Seigel, S. E. (2010). Gaining Cultural Intelligence through Second Life Learning Interventions. International Journal of Advanced Corporate Learning, 3(3), 45-50.

This research article describes IBM’s involvement with the virtual world, Second Life, to equip employees with more authentic, live training experiences as country-natives around the world are expected to work together. Preparation in advance of face to face meetings is also described to build cultural intelligence, which has no universal heuristics for measurement. The literature review and research design seeks to compare affordances of in-country, face to face training, simulation game, and Second Life immersive training. Twelve participants from 10 countries engaged in one-hour sessions that included interventions, culture sharing, reflection, and debriefing that may become part of IBM’s required worldwide orientation for new employees. One consideration of the design is the limitation of the use of existing rather than new employees of IBM in the study. Stanford University faculty were involved in interviewing study participants, but the data was unavailable at the time of publication.    

Shively, R. L. (2010). From the Virtual World to the Real World: A Model of Pragmatics Instruction for Study Abroad. Foreign Language Annals, 43(1), 105-137. doi: 10.1111/j.1944-9720.2010.01063.x

This research article nicely describes pedagogical components that can be combined with immersive learning technologies specifically for language learning, but applies to intercultural communication. Shively advocates training for learners and faculty for applying support before, during, and after study abroad experiences. Building confidence is gained from a combination of expert guidance and self-directed learning including reflection. A comprehensive pedagogical framework of the 6Rs (researching, reflecting, receiving, reasoning, rehearsing, and revising) by Martinez-Flor and Uso-Juan (2006) applies to develop pragmatic and intercultural competence. Croquelandia is an immersive game lauded for language learning usage as well as Keypals and the DIE model of debriefing (description-interpretation-evaluation). Role plays and simulations are cited for usefulness as well as the ability to continue relationships online.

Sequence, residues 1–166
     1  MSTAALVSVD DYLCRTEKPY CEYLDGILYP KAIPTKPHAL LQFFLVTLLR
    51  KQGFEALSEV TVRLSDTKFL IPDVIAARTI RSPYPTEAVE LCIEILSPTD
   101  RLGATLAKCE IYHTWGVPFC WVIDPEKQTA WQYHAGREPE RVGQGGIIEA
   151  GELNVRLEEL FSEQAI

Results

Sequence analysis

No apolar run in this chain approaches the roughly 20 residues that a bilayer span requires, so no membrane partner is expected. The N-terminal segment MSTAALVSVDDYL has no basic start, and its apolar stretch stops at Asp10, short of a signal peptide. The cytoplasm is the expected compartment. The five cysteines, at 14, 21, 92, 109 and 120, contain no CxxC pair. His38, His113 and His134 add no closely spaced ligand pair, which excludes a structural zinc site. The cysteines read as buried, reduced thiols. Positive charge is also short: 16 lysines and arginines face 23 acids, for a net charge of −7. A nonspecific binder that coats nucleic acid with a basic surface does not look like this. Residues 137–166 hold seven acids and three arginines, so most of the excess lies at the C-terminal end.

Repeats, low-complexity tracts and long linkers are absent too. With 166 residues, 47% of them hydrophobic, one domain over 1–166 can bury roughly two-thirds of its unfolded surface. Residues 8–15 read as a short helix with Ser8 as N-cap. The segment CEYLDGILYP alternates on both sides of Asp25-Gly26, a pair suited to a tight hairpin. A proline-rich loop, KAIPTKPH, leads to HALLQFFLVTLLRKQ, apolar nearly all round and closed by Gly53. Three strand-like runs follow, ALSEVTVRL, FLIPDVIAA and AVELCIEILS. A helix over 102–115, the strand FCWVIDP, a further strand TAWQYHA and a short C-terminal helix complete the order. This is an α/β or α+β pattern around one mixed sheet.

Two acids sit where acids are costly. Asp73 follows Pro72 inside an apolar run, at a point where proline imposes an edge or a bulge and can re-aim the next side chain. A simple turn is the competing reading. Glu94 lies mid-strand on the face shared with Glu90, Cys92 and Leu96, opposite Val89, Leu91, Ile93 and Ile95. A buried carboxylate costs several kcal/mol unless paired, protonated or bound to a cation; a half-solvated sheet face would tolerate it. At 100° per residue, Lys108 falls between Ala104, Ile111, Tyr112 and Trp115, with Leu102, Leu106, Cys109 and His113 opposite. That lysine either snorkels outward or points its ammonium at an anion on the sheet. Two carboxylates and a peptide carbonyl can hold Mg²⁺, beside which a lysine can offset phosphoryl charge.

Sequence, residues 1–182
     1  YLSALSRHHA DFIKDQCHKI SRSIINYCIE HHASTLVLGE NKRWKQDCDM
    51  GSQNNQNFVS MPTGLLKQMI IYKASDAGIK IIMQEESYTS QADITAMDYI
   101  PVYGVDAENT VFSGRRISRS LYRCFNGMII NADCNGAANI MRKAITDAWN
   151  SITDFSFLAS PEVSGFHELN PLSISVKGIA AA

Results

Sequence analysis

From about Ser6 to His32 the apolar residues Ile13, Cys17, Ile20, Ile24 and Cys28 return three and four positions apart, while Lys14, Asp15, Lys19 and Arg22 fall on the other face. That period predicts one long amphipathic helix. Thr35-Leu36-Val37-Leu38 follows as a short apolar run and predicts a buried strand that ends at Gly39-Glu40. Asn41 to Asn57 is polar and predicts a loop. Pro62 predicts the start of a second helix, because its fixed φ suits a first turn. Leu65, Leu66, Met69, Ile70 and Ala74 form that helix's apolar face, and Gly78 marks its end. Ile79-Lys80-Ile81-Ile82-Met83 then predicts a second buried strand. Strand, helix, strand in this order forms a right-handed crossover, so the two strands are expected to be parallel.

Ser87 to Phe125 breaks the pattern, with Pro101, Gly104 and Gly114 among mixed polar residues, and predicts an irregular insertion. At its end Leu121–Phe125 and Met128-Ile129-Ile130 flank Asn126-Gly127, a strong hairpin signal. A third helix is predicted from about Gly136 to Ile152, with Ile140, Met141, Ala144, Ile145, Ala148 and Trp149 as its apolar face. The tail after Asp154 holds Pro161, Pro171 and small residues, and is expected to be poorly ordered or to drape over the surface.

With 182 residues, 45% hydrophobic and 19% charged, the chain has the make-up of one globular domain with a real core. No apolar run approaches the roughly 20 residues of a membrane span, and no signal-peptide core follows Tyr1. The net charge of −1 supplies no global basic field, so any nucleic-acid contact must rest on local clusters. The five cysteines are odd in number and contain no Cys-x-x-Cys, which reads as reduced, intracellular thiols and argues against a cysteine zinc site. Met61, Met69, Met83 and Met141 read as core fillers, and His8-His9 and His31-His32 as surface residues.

Sykes, J. M., Oskoz, A., & Thorne, S. L. (2008). Web 2.0, Synthetic Immersive Environments, and Mobile Resources for Language Education. Calico Journal, Computer Assisted Language Instruction Consortium, 25(3), 528-546.

This article describes Internet-based interactions as real verses simulated communication that has transformational potential to change roles of people. The premise is juxtaposed to computer-assisted language learning (CALL) and refers to the concept of social virtualities. Study abroad blogs are cited as examples for language learning where cell phones enable instantaneous sharing of content to connect communities, whether family or classmates. Steven Thorne’s cultural-historical framework is postulated as aesthetic shifts in human communication emerge within cultures of use. Social experimentation used in MMOGs involves identities in sociopragmatic considerations involving presence, space, and gestures. Synthetic immersive environments enable learners to practice in emotionally-engaging, low-risk to improve pragmatic competence. Users feel results of their actions without causing actual harm. 

Yee, N., Bailenson, J. N., Urbanek, M., Chang, F., & Merget, D. (2007). The unbearable likeness of being digital: The persistence of nonverbal social norms in online virtual environments. CyberPsychology & Behavior, 10.(1), 115-121. doi:10.1089/cpb.2006.9984